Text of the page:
New Zealand political party ordered to pay damages for shady behaviour
Eminem’s publishing company – Eight Mile Style – has been awarded NZ$600,000 by a New Zealand judge in relation to a copyright infringement claim brought by it against the National Party in New Zealand.
In 2014, the National Party used a track which was highly similar to Eminem’s well known track – Lose Yourself – in an election campaign advert. The advert was aired over 100 times on television during the 2014 election campaign. It was argued by the National Party’s lawyers that the track used was a different track, which they had purchased a synchronisation licence for from a stock music library made by production company Beatbox. The “sound-alike” track was tellingly entitled “Eminem-esque”.
However, the court did not accept the arguments made on behalf of the National Party and on the 25 October 2017 ruled that the track was “sufficiently similar” to Eminem’s “highly original work”. As such, the court ruled that the National Front’s use of “Eminem-esque” did indeed infringe copyright laws.
Amongst other things, the judgement considered the guitar riff, drum patterns, chords and violin tones of both tracks, all of which were found to bear “close similarities”.
The judge in her judgement even went so far as to identify the “prophetic” nature of Eminem’s lyrics highlighting in particular the words “You better lose yourself in the music, the moment, You own it, you better never let it go…”.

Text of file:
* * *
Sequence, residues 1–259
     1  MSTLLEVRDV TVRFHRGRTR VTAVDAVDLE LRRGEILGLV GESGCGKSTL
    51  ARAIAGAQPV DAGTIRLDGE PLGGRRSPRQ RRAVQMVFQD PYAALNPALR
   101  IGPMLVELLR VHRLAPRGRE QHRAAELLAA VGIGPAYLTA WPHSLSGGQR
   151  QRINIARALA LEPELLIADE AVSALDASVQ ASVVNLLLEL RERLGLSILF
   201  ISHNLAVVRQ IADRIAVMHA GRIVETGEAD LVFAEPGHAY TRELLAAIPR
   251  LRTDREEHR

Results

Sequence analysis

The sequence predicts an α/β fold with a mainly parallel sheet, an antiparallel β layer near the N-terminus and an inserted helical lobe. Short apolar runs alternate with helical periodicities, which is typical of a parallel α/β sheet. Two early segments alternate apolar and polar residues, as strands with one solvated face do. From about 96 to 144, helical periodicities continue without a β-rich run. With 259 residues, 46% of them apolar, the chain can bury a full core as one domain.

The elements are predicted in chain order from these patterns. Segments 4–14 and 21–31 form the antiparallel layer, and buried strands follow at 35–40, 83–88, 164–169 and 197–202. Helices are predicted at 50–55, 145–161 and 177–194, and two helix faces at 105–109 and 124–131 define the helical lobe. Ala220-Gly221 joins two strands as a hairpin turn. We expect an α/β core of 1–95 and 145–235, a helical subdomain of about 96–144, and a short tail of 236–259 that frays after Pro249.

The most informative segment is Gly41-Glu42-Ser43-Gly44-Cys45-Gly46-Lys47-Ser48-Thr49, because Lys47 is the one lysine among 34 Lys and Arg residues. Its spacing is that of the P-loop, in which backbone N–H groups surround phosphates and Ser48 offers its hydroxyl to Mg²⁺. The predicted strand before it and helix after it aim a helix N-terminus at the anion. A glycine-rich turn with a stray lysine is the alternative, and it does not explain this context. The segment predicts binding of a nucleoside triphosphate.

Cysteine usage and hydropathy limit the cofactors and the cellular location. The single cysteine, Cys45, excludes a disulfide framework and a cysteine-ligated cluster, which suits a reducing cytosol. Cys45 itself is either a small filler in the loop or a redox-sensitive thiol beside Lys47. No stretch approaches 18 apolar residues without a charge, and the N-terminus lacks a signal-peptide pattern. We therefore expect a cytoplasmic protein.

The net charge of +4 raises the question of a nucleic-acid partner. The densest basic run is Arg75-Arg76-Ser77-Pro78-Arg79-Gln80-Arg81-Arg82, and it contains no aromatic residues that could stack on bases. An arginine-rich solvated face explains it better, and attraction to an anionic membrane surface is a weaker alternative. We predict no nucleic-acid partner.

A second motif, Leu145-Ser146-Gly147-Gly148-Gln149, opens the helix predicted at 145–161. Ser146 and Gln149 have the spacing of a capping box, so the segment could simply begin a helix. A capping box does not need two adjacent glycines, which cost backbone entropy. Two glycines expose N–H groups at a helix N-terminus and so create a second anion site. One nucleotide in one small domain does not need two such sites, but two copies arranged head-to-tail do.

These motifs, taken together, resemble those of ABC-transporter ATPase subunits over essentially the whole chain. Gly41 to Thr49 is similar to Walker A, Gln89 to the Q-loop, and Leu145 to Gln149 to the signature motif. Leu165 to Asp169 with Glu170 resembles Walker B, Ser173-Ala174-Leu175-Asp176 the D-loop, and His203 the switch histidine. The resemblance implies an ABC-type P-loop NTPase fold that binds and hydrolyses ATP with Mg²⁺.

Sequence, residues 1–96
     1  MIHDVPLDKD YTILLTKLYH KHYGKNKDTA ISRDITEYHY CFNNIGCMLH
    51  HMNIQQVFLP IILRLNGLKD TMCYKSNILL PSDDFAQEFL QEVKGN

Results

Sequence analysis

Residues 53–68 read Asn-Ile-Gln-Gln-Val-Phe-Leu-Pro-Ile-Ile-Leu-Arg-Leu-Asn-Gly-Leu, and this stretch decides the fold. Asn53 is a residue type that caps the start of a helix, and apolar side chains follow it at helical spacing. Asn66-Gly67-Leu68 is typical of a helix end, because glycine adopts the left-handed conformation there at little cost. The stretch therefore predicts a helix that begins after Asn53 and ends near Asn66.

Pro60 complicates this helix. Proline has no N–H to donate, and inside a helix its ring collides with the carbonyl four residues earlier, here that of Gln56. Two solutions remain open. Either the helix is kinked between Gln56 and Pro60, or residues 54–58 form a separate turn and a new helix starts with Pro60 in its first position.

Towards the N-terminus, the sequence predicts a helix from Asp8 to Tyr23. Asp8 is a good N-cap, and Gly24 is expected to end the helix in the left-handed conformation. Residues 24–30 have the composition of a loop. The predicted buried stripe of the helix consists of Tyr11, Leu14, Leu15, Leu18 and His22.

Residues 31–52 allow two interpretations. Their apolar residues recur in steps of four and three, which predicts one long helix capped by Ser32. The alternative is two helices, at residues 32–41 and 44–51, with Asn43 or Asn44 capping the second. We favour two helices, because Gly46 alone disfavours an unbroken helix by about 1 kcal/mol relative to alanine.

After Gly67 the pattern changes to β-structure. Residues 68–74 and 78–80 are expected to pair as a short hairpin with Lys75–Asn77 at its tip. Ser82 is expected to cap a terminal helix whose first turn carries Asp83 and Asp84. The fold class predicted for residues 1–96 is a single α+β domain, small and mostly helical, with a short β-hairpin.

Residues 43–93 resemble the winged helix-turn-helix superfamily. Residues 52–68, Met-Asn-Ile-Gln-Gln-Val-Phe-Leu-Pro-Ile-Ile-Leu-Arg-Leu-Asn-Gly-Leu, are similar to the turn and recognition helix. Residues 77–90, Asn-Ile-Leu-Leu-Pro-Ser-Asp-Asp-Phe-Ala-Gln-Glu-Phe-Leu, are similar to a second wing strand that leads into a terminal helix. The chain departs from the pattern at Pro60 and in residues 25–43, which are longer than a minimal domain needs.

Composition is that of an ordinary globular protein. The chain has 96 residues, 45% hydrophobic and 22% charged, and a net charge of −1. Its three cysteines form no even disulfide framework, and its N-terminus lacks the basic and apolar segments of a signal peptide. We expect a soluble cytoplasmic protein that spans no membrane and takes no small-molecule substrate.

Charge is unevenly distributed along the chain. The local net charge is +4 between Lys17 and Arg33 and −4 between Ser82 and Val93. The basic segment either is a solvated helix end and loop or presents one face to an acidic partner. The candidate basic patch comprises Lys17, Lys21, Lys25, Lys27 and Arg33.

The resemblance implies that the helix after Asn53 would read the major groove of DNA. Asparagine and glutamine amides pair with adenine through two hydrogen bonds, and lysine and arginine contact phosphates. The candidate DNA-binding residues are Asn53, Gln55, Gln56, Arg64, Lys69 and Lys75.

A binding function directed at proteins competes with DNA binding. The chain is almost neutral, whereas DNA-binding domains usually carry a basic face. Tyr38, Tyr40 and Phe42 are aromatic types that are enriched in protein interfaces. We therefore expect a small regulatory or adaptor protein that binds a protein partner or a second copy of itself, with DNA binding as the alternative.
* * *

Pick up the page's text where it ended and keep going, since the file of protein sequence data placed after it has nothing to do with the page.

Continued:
Copyright is a property right that exists in original works. There are three separate copyrights in Lose Yourself, namely, the original sound recording, the lyrics and the music. This case concerned the copyright in the music only.
As an owner of a copyright work there are certain acts that only the owner or its authorised licensees are able to do whilst the copyright work is still in copyright protection. For musical works copyright protection lasts for 70 years after the death of the author of the copyright work. Restricted acts include copying the copyright work, issuing copies of the work to the public, renting or lending the work to the public, communicating the work to the public and making an adaptation of the work or doing any of these acts in relation to an adaptation.
Copyright in a work is infringed by a person who without the licence of the copyright owner does, or authorises someone else to do any of the acts restricted by the copyright. This relates to the whole or any substantial part of a copyright work and whether done directly or indirectly. When considering whether a substantial part has been copied a qualitative rather than quantitative approach is adopted. Additionally, there must be an objective similarity between the works where the whole or substantial part of the original work looks objectively similar to the copy.
The level of fame Eminem enjoys has meant that this decision has made headlines worldwide. It is the latest in a spate of decisions over the last few years where famous tracks have been “borrowed” from and follows other high profile legal action such as that taken by the family of Marvin Gaye against Pharrell Williams and Robin Thicke in relation to their track “Blurred Lines” where they were awarded to pay $7.4 million in damages to the Gaye family. Ed Sheeran also reached a deal with the song writers of the song “Amazing” in relation to a $20 million claim they were bringing for copyright infringement in relation to his track “Photograph”.
The level of damages being sought/awarded in these cases suggests that it is unlikely we will stop seeing legal action popping up in relation to our favourite tracks anytime soon. In a market where streaming (both legal and illegal) is prevalent and as a result artists are receiving lower amounts for music sales this may be seen as an attractive additional revenue stream.